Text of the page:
Fat Tuesday in New Orleans 2017
New Orleans is an extraordinary city, and with its unique culture and history, it has long enchanted a wide variety of visitors with a penchant for the romantic, the spiritual, the beautiful and at times, the unusual. (In what other U.S. city would a voodoo priestess be buried next to the mayor’s family, or funerals be celebrated with a jazz band and a processional?)
The first Mardi Gras was celebrated in New Orleans in the mid 1800’2 and the traditions of the parades, favors and revelry live on. It’s the greatest 4 day party in the country.
It’s estimated that a little less than a million people attend Mardi Gras each year. This event marks a time where participants can let loose and have fun before Lent begins. Celebrations will be taking place all day on February 28th.
For those that are planning on attending Mardi Gras there are some things that they should know.
When To Go:
Although Mardi Gras is typically a one day event that takes place on the day before Ash Wednesday, most people travel to New Orleans well before that. There are so many events that occur leading up to it that they usually plan to arrive the Friday before.
Two of the larger parades, Bacchus and Endymion are held the Saturday and Sunday before Fat Tuesday. Between the two of them there are over 65 floats and 60 marching bands.
What To Do:
By far the most popular things to do in New Orleans during Mardi Gras are to watch the parades, drink and eat. There are so many different parades that are happening with very different floats that they continue to hold the fascination of spectators no matter how many parades that they’ve seen. The Krewe of Bacchus is one of the largest parades, as well as Endymion.
The French Quarter is the oldest part of the city and provides a great mix of bars, shopping, restaurants, voodoo vendors and beautiful homes. If you enjoy antiques, take a walk down Royal Street. Bourbon Street is where some of the most popular tourist bars are. If you want to hang out like a local, check on the bars on Frenchmen Street.
Local cuisine is a mixture of several styles with a heavy influence from Creole, Cajun and French foods. When it comes to food many people enjoy traditional chicken, shrimp and pork sausage Louisiana gumbo, or a twisted bread called King Cake that has sugar and purple, gold and green icing. If you do happen to eat one of these cakes just be careful biting down on it because there’s usually a plastic baby baked inside it, which is good luck for the person who finds it. Red beans and rice are eating all week, but most popular on Mondays. Another local tradition is enjoying a jazz brunch. We recommend the brunch at Brennan’s Restaurant, which has been in the same location since 1956. They are off of Royal Street. An even more historic restaurant is Antoine’s opened in 1840, which makes it the oldest family owned and run restaurant in the country.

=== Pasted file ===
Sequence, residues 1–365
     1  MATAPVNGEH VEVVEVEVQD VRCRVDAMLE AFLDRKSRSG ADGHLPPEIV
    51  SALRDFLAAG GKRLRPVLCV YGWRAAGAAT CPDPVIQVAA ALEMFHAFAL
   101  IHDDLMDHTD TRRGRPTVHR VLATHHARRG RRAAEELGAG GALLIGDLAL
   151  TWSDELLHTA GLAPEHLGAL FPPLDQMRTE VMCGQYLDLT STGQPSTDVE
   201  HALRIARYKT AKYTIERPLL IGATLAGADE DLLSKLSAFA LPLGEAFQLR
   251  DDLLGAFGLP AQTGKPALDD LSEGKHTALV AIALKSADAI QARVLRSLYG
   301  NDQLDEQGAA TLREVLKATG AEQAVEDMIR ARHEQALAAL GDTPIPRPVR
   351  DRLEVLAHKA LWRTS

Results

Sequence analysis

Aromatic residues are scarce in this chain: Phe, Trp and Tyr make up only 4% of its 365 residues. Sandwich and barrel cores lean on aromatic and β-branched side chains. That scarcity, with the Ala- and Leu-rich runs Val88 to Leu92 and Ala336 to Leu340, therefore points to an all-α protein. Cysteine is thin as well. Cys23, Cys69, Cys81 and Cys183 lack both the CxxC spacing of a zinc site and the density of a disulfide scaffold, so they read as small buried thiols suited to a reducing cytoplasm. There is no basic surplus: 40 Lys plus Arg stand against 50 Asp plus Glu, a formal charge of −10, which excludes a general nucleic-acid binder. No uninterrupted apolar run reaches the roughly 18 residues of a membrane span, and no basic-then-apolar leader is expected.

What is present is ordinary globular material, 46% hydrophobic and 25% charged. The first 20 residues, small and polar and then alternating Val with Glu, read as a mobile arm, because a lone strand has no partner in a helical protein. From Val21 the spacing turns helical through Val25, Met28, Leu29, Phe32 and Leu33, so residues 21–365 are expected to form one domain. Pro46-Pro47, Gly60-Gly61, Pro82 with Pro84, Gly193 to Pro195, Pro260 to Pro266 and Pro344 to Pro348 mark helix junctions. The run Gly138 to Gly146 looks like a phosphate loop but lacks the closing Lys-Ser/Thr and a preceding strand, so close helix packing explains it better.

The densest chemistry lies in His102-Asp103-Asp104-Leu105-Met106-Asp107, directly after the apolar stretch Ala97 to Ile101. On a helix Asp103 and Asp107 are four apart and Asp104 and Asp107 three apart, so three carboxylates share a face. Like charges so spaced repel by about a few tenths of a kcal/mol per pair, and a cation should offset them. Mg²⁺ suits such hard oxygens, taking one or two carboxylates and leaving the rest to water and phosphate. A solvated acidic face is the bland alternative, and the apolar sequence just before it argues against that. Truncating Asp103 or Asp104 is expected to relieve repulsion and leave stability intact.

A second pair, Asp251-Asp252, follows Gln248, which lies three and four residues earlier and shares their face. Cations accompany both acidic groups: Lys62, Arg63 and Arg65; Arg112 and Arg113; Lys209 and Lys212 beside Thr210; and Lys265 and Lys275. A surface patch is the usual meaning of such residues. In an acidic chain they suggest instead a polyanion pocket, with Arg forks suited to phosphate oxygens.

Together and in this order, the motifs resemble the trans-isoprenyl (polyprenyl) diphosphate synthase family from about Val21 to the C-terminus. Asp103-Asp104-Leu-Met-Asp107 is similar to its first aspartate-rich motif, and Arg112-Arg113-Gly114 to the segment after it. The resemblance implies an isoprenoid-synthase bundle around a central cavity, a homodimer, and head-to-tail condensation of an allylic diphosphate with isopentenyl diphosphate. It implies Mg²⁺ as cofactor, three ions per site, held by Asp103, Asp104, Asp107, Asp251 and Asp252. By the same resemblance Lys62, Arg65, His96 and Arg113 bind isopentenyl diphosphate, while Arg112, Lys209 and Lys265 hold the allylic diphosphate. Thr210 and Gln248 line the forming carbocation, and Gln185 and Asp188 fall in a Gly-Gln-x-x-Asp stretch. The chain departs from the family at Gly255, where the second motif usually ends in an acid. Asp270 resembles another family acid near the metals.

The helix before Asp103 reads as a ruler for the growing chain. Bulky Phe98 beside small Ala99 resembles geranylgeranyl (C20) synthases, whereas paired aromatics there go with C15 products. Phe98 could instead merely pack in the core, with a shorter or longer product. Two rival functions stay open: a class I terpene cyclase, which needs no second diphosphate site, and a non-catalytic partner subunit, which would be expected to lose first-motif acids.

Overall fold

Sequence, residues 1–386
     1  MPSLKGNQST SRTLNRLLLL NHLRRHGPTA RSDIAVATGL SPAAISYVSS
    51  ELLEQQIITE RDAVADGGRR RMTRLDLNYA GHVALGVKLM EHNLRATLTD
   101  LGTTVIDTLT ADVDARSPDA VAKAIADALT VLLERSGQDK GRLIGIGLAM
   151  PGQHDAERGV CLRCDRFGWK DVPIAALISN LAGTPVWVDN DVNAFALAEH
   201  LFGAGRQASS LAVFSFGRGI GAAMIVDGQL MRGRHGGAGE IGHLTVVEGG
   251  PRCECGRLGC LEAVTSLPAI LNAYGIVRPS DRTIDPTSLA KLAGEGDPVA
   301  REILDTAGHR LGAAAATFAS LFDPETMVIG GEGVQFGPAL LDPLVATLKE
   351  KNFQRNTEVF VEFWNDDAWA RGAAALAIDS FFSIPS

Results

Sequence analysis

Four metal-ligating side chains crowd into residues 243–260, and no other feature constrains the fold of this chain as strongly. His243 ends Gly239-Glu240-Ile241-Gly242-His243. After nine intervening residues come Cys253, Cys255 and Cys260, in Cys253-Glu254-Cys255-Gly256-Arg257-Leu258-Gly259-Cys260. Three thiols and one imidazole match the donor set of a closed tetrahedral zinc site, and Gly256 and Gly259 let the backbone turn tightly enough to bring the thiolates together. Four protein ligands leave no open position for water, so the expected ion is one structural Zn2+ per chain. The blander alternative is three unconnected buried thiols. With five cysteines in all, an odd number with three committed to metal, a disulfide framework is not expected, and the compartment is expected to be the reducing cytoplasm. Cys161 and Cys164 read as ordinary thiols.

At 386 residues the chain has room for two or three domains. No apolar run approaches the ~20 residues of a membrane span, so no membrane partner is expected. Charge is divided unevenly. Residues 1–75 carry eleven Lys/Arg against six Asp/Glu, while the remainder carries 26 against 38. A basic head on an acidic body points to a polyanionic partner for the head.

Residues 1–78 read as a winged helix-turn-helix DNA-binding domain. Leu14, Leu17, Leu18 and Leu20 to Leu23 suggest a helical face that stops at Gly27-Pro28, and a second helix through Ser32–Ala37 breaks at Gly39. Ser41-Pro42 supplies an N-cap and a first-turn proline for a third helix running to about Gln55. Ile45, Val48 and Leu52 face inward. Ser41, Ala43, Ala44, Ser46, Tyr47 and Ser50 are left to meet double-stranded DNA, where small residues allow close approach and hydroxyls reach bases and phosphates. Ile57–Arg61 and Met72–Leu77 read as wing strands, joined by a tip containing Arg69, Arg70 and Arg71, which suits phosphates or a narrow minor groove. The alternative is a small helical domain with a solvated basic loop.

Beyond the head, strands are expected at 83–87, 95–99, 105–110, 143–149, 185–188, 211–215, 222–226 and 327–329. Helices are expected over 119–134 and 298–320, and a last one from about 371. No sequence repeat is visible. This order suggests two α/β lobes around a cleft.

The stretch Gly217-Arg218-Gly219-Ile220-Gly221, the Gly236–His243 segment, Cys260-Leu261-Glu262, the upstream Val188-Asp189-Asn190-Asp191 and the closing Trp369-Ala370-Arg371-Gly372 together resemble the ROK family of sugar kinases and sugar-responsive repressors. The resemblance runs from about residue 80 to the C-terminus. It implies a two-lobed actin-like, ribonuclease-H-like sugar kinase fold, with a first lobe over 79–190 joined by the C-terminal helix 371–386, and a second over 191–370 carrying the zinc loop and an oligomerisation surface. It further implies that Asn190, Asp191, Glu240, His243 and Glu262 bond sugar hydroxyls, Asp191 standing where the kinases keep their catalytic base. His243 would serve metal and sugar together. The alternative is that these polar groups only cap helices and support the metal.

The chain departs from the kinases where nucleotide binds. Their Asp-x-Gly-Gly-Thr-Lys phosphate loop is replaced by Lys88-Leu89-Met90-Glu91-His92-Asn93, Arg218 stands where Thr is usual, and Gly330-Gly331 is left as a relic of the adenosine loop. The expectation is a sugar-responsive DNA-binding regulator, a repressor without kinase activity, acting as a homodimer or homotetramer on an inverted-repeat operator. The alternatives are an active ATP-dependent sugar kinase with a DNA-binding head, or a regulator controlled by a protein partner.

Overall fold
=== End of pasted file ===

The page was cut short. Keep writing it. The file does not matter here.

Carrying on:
Milk punch is one of the favorite beverages consumed by many Mardi Gras attendees. Brennan’s claims they have perfected the recipe.
Here’s a recipe you can try at home:
Brandy Milk Punch Recipe
- 2 oz brandy (Bourbon is also commonly used)
- 1 cup whole milk
- 1 teaspoon powdered sugar
- 3 ice cubes
- cracked ice
- freshly grated nutmeg
In a cocktail shaker, combine the brandy, milk, and sugar with 3 ice cubes and shake until frothy, about one minutes. Strain into a double-old fashioned glass with cracked ice. Sprinkle with nutmeg and serve.
There are numerous places to stay at during Mardi Gras. Because so many people attend this event it is necessary to have a wide variety of lodging available to travelers. Some of these choices range from low budget motels to more swanky accommodations. The most popular choices are those that are right on the parade route. They do tend to fill up months in advance. Popular properties in or on the edge of the French Quarter are the Four Points by Sheraton, Maison Dubuy, Bienville House or Monteleone. The Sheraton has balcony rooms overlooking Bourbon Street so you can watch the parade from the comfort of your room. The down side, you might not get a whole lot of sleep at night, as the bars do not close until around 4 am.
How To Get Around:
Many streets are closed during Mardi Gras. Although public transportation is available to get around the city, they often have to change their routes during Mardi Gras and aren’t very reliable because of traffic delays. The best way to get around is by walking or renting a bike. If you do rent a bike don’t forget to get a chain so that you can lock it up and keep it safe when you aren’t riding it. The picture to the left is of Bourban Street, so as you can see you’ll have plenty of company if walking when walking the area.
Mardi Gras Fun Facts:
- Mardi Gras colors are Purple, Green and Gold. Purple represents justice, green is for faith and gold for power. You’ll find it in beads, decorations and on the King Cake.
- You’ll find lots of people in costume along the French Quarter. Masks are required for those riding in the parade floats.
- Plastic beads did not become part of the Mardi Gras parades until the early 1900’s. Just how many beads during Mardi Gras? An estimated one billion.
- More than half a million King cakes are sold each year and shipped all over the country, usually between January 6th and Fat Tuesday.
- Mardi Gras marks the end of Carnival season.
- Mardi Gas is known as pancake day in Ireland, Australia, Canada and England.
- Mardi Gras is an official state holiday in Alabama, Florida and parts of Louisiana.
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